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John Hick [89]John H. Hick [3]
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Profile: John Hick (Centro de Enseñanza Té y Superior Universidad, Unidad Ensenada)
  1. Sharada Sugirtharajah & John Hick (eds.) (2012). Religious Pluralism and the Modern World: An Ongoing Engagement with John Hick. Palgrave Macmillan.
     
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  2. John Hick (2010). Between Faith and Doubt: Dialogues on Religion and Reason. Palgrave Macmillan.
    This short book is a lively dialogue between a religious believer and a skeptic. It covers all the main issues including different ideas of God, the good and bad in religion, religious experience and neuroscience, pain and suffering, death and life after death, and includes interesting autobiographical revelations.
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  3. John Hick (2010). God and Christianity According To Swinburne. European Journal for Philosophy of Religion 2 (1):25 - 37.
    In this paper I discuss critically Richard Swinburne’s concept of God, which I find to be incoherent, and his understanding of Christianity, which I find to be based on a precritical use of the New Testament.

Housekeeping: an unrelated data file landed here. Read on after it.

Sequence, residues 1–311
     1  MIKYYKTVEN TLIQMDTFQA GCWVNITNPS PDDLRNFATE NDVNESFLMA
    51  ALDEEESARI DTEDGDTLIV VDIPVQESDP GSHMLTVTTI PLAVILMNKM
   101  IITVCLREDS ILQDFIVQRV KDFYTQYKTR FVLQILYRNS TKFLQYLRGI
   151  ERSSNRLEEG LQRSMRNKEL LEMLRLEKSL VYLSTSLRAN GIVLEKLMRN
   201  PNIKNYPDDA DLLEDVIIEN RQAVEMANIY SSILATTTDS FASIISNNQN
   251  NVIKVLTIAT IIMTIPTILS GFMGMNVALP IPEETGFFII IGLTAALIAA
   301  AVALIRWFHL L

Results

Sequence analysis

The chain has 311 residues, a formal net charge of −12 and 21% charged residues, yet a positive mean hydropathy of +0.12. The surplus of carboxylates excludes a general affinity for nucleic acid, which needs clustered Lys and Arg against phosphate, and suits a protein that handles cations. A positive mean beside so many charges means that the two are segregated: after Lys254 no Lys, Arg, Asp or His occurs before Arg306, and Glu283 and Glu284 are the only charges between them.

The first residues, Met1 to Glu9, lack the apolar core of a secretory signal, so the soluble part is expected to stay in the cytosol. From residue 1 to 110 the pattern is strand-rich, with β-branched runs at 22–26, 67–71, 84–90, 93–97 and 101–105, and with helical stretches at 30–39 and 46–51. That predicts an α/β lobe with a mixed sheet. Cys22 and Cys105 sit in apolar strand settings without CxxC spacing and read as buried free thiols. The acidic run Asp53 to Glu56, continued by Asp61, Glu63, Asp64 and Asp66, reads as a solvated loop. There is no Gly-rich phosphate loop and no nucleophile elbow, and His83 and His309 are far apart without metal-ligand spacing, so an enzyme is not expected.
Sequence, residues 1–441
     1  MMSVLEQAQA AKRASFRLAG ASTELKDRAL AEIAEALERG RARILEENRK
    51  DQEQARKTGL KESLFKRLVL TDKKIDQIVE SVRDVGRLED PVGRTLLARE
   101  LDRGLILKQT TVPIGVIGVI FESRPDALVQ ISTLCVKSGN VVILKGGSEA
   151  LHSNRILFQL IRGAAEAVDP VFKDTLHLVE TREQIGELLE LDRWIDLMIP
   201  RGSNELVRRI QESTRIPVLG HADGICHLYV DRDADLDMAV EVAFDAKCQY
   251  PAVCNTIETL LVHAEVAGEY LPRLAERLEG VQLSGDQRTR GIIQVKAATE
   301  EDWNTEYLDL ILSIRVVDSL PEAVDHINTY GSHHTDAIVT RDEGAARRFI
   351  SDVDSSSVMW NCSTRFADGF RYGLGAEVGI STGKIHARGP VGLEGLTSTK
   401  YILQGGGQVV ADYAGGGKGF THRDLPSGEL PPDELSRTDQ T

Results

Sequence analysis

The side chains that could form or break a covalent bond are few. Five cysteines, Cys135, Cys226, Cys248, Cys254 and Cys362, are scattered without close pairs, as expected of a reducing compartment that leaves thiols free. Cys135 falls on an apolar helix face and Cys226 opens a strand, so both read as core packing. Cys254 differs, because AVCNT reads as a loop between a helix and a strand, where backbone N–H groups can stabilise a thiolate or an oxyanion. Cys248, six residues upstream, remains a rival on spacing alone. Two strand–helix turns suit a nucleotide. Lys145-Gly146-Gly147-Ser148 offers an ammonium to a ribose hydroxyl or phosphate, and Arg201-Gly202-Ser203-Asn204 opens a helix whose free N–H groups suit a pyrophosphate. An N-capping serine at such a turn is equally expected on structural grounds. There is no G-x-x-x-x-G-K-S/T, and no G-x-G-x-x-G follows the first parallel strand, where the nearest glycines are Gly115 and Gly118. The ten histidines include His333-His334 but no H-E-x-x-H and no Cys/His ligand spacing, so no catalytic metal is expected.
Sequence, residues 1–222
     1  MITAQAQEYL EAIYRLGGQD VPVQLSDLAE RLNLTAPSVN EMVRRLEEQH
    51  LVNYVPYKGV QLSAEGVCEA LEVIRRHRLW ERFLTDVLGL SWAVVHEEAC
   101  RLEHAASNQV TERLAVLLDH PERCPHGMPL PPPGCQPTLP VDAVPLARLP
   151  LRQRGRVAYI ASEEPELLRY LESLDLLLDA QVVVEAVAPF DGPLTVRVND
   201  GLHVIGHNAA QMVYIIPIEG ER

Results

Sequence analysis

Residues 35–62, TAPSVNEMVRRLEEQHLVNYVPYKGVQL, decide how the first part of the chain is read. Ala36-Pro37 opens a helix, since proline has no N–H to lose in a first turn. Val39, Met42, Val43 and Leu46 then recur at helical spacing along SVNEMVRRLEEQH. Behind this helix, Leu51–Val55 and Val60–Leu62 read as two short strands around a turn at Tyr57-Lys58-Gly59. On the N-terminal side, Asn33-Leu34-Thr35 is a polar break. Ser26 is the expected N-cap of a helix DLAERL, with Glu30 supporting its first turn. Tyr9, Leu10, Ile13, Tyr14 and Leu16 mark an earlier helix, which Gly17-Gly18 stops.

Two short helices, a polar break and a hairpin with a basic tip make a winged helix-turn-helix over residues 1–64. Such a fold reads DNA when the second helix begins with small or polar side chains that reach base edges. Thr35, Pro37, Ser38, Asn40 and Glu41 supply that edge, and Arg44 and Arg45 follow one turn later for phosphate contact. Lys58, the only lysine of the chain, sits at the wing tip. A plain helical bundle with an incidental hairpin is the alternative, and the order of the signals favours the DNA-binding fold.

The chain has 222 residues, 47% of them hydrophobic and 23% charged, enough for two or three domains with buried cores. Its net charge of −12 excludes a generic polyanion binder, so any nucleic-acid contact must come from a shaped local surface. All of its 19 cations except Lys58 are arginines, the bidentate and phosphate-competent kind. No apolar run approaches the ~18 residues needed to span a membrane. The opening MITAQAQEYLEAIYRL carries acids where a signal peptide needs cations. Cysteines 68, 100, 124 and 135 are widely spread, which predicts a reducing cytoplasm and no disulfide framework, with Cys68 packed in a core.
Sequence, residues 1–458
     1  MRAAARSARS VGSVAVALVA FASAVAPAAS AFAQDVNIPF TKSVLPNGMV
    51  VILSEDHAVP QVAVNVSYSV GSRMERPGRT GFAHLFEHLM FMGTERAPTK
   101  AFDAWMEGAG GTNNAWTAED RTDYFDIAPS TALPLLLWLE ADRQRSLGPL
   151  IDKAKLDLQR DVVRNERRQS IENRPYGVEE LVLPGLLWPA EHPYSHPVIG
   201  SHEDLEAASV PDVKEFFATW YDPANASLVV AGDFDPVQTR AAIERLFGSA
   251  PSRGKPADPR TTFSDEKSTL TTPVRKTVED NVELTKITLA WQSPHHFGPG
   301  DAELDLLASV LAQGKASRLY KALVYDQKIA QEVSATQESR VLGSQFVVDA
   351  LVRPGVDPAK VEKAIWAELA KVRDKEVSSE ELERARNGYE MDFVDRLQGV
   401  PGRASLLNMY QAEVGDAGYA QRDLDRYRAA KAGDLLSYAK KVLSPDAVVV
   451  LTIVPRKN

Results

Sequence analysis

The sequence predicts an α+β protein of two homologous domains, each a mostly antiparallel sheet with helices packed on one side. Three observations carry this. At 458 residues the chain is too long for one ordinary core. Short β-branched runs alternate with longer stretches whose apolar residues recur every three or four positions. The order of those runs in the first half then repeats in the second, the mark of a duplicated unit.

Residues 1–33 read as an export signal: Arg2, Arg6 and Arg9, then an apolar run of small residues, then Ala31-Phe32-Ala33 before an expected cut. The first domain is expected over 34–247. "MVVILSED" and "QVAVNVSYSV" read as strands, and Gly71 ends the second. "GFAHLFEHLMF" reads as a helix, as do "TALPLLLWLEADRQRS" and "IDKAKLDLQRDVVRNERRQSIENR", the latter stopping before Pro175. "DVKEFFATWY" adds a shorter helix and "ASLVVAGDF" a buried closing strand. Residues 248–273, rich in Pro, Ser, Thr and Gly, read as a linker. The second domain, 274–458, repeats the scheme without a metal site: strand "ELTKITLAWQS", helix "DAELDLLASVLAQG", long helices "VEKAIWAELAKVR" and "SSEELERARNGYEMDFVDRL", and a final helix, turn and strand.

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  4. John Hick (2009). Response to Knepper. Religious Studies 45 (2):223-226.
    Having cited Dionysius as one of the many Christian thinkers who affirm the ineffability, or transcategoriality, of God in God's ultimate inner being, I respond to Timothy D. Knepper's claim that this is a mistake. Whilst accepting much that he says about Dionysius, I still prefer the standard interpretation of the Dionysian texts as teaching the total transcategoriality of the Transcendent as 'surpassing all discourse and all knowledge'.
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  5. John H. Hick (2009). The Ontological Argument : An Assessment. In Steven M. Cahn (ed.), Exploring Philosophy of Religion: An Introductory Anthology. Oxford University Press.
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  6. John Hick (2007). D. Z. Phillips on God and Evil. Religious Studies 43 (4):433-441.
    This a response to D. Z. Phillips's stringent critique of theodicies, including that suggested by myself. I offer counters to his array of arguments, and point to what I see as a fundamental flaw in his philosophy of religion. He appealed to religious language as used by ordinary religious persons. But his account of the meaning of this language was not that of the ordinary religious believer. He thus claimed, by implication, to know better than they did what they really (...)
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  7. John Hick (2007). The New Frontier of Religion and Science: Religious Experience, Neuroscience, and the Transcendent. Palgrave Macmillan.